Meat grease, flour and water, stirred till smooth —
it’s what my forebears ate, if they were lucky.

It’s what my mother ate, those hard dark years
she worked at a sawmill way out in the mountains,
learning to live on cigarettes and coffee

and cold biscuits raised from the dead by gravy.Gravy illustration by Daniel Wallace

Now and then she’d cook a little for us,
something to moisten and darken and quicken

the bowls of bland white rice or mashed potatoes
I’d shape into a cratered volcano
whose steaming lava overflow improved

everything it touched on my dinner plate.

Good gravy’s not an afterthought, a dressing,
a murky cloud masking a dish’s dull prospect:

whether poured from a Thanksgiving china boat
or a black iron skillet in Bloody Madison,
it’s the meal’s essence, where flesh meets spirit,

where fat becomes faith, where juice conveys grace

as red-eye, giblet, sausage, faithful sawmill —
whenever I think of those savory names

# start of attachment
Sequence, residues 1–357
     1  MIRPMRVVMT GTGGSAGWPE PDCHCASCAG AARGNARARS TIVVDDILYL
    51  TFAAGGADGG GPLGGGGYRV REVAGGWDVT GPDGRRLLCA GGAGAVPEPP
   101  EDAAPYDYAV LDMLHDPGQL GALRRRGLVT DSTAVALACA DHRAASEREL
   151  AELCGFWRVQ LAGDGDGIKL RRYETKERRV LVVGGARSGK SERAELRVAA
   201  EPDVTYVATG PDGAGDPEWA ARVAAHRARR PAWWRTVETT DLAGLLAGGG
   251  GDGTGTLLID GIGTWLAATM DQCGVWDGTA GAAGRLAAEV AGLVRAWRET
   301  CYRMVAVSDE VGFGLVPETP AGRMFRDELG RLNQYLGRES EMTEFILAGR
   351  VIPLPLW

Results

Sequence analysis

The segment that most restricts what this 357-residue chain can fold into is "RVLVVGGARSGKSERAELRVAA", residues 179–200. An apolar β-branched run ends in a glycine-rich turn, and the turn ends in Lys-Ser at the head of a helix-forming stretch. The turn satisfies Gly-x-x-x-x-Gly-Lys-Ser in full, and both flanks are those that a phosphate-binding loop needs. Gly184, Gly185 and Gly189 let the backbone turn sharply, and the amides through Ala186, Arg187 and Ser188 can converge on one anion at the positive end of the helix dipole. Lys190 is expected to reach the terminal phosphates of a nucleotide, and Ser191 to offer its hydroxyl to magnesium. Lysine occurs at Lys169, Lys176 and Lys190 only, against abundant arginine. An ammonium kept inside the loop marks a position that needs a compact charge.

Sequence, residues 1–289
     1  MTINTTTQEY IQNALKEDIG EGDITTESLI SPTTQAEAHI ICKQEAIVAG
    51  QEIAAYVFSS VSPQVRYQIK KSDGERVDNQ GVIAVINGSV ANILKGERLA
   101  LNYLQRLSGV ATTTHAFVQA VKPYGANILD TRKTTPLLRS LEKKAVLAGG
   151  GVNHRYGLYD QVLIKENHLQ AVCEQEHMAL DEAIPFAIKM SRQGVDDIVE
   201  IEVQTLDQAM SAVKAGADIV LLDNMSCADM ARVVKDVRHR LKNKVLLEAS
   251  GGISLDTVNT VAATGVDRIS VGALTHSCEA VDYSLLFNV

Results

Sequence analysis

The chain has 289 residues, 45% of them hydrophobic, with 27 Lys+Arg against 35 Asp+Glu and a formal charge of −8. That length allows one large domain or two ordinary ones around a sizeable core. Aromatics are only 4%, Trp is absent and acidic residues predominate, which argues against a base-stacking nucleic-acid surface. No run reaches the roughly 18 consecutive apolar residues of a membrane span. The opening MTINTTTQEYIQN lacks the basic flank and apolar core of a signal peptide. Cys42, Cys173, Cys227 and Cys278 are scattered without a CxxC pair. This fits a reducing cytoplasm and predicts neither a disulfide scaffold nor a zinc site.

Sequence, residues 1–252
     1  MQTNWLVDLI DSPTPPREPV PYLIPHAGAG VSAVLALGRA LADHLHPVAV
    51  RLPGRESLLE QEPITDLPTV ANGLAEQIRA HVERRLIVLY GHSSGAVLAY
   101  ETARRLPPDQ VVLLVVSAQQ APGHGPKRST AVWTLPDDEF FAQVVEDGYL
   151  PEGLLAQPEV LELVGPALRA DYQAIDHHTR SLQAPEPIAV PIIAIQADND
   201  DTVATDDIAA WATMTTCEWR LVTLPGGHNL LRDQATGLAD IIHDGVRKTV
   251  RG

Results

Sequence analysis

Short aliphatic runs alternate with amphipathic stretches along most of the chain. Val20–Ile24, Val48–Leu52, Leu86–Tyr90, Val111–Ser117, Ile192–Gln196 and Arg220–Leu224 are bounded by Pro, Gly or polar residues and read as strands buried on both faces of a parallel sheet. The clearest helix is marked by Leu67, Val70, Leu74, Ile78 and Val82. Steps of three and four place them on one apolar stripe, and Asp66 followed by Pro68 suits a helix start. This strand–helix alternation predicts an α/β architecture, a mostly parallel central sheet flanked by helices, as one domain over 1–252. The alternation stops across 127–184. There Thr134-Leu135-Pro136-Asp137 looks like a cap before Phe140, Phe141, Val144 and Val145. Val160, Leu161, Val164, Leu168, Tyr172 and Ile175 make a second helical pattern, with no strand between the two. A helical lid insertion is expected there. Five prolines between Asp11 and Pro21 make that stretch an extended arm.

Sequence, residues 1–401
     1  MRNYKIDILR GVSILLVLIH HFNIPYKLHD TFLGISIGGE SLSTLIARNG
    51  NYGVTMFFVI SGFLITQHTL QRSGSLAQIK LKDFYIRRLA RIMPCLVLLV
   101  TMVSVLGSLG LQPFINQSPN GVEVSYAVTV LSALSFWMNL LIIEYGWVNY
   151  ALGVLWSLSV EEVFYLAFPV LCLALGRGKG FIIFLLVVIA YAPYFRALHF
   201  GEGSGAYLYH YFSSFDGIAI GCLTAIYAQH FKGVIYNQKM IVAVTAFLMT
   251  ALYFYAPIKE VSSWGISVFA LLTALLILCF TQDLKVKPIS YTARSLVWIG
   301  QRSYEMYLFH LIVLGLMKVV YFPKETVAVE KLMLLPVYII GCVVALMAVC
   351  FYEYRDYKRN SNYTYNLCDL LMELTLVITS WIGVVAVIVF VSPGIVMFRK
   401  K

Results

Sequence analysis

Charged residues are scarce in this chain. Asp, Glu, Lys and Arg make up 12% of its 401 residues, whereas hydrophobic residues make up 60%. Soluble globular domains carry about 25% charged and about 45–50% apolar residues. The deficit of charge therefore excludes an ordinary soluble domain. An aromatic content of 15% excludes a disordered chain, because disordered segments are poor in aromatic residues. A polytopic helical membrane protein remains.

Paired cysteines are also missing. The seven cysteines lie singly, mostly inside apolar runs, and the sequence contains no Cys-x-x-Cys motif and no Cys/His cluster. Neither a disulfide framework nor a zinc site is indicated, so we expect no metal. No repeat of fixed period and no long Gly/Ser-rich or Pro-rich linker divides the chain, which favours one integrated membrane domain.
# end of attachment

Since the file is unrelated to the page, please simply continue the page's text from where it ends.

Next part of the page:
and the times I’ve poured or ladled or spooned
then mixed and dipped and sopped up their elixir,
not wanting to waste a single filling drop,

my mouth starts making its own thin gravy again.

By Michael McFee, a poet and professor of English and creative writing. Gravy appeared in McFee’s book That Was Oasis (Carnegie Mellon University Press, 2012). Illustration by Daniel Wallace, J. Ross MacDonald Distinguished Professor of English and Creative Writing, who is an author and illustrator.

Listen to Michael McFee talk with Southern Cultures journal about the connection between food and poetry.